Yoga is touted as the practice for all people and, really, who couldn’t benefit from learning to become more mindful, paying attention to their breathing and just generally coming in to the space of the ever elusive – now.
But what happens when you are a person with a disability and in a wheelchair (like me), or you are older, overweight, or see yourself as just not that fit or flexible? Under those conditions downward facing dogg’in it seems less and less likely. So, is yoga really still for everyone? Well, I am living breathing proof that, yes, in fact yoga is for everyone.
I always wanted to practice yoga. It was just one those things like a movie that always seems to show up on television. Yoga just kept showing up in my consciousness and for a long time I brushed it off with a “no way” or a “not possible” or a “no time.”
Eventually though, like all calls that must be heeded, the whisper nearly became a scream and yoga could be ignored no more. So, I mustered up my courage, cast my doubts aside and…wrote an e-mail. Yep, that’s where my journey started with an e-mail.
I had no clue where to start so I cast a wide net and wrote to four teachers in the community. The e-mail was clear about my physical abilities and also what I wanted to get out of a practice. I hit send and then…crickets. Nothing—until my inbox lit up with one message from one teacher.
My call was heard and answered. Someone was willing to take a chance on an unknown quantity, a girl with a kooky idea, a dream yet to be realized and willing to take a chance.
This teacher was meeting me where I was and even though I felt happy, enthusiastic and more hopeful about this experience than ever before it still felt as though I was nowhere—still caught in that no man’s land of self-doubt; that wasteland of a place that can hold us back from the bigness of our lives and the grandeur of our souls.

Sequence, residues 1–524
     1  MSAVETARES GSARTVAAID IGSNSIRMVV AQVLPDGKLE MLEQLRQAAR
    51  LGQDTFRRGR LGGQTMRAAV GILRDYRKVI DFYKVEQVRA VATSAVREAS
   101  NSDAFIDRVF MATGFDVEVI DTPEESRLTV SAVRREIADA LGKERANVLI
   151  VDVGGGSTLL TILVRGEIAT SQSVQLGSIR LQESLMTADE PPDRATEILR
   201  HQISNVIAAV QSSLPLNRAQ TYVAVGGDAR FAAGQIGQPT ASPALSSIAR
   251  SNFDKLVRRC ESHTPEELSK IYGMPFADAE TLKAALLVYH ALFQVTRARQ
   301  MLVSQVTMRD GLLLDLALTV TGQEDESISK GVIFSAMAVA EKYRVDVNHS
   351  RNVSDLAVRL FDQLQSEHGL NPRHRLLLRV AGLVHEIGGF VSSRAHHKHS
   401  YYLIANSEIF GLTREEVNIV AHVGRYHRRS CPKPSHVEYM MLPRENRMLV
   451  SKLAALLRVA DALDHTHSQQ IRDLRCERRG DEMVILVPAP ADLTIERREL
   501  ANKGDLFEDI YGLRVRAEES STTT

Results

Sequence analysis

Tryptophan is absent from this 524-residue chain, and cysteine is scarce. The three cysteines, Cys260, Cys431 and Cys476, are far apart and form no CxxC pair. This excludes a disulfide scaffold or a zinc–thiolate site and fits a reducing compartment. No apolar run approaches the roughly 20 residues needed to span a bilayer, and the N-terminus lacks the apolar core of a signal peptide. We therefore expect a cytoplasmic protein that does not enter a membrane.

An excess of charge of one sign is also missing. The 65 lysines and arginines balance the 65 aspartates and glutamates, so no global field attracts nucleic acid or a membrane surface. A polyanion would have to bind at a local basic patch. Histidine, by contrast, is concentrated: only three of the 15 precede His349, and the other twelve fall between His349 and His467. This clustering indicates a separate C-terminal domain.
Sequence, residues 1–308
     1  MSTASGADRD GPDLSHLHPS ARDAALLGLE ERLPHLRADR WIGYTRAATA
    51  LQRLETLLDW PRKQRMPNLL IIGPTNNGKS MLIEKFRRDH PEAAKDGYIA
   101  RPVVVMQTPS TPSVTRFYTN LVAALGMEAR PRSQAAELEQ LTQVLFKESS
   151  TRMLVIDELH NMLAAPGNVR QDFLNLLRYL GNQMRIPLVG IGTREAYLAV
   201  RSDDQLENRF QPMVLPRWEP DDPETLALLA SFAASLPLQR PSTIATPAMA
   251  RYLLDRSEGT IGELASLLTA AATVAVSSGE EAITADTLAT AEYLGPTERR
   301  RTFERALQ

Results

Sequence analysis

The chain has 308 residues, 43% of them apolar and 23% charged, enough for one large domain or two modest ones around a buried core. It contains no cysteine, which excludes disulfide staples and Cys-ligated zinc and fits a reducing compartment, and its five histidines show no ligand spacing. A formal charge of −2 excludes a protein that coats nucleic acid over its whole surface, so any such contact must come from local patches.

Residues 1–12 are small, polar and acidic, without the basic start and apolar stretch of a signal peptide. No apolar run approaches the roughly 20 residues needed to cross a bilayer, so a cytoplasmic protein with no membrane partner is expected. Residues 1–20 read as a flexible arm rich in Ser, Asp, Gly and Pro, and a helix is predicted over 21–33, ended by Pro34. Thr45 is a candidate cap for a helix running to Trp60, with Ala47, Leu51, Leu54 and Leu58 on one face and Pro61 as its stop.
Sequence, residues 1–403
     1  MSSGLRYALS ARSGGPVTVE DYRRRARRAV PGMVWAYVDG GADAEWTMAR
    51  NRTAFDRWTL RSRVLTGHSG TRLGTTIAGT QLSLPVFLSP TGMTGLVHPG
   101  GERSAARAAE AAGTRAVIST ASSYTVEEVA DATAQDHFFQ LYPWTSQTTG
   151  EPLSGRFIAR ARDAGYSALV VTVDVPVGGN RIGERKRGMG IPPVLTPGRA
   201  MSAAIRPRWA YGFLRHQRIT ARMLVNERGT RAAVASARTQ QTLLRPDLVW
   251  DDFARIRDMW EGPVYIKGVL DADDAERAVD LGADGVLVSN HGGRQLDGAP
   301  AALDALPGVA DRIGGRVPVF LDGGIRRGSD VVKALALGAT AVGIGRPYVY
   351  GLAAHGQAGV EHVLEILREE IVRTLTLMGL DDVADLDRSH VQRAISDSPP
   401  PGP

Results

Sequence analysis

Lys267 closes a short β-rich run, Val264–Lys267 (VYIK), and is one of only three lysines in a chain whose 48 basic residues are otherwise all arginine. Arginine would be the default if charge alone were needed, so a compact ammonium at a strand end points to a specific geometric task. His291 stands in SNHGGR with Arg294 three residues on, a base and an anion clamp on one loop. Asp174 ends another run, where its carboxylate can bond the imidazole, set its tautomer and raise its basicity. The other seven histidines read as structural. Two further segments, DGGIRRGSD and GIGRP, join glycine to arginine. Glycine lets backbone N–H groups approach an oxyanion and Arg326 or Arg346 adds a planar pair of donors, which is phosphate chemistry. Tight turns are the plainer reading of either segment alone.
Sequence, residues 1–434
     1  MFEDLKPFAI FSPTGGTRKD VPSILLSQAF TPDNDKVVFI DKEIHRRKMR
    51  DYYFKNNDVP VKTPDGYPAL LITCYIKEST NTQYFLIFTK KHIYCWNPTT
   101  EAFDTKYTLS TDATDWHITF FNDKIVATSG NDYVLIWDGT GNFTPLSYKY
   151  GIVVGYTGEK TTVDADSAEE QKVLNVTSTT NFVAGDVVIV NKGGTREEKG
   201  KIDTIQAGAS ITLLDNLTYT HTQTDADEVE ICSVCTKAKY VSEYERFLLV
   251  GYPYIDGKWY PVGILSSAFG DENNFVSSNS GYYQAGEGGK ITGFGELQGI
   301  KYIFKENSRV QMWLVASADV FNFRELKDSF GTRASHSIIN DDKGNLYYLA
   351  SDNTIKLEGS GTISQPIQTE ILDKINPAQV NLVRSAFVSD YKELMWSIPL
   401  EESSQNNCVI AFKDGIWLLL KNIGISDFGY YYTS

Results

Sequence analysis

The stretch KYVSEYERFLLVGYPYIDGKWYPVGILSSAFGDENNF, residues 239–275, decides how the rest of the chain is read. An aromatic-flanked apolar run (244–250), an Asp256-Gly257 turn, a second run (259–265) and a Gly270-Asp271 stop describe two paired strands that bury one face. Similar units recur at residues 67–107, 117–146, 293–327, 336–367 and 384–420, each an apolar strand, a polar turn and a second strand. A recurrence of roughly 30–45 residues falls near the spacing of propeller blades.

There I was close to realizing a long-held desire but still feeling the push and pull of the old should I—shouldn’t I. I felt embarrassed, silly, and, even a little unworthy, to be attempting to practice yoga.
Who did I think I was? In my head there were all these pictures of tall, willow-y, fully able goddess types who twist their toned limbs into pretzels and then there was me.
Hardly willowy, bound mostly to a wheelchair and unable to bend, well, much. It seemed like time to stop before even getting started but the something inside me that is vast and magnificent—the thing in all of us—that is bigger than any illusion or self-doubt told me to push on, to go forward and to take one breath at a time while stretching and bending in new, terrifying, joyous and thrilling ways.
Christine Quaglia is 31 years old and lives in Southwestern Ontario. She is a former English major who will always count reading and writing among her first loves. Christine is (relatively) new to Yoga and has enjoyed developing her practice even in the face of a physical disability. It is great to be sharing this piece of my story with the Elephant Journal audience.
Editor: Hayley Samuelson.
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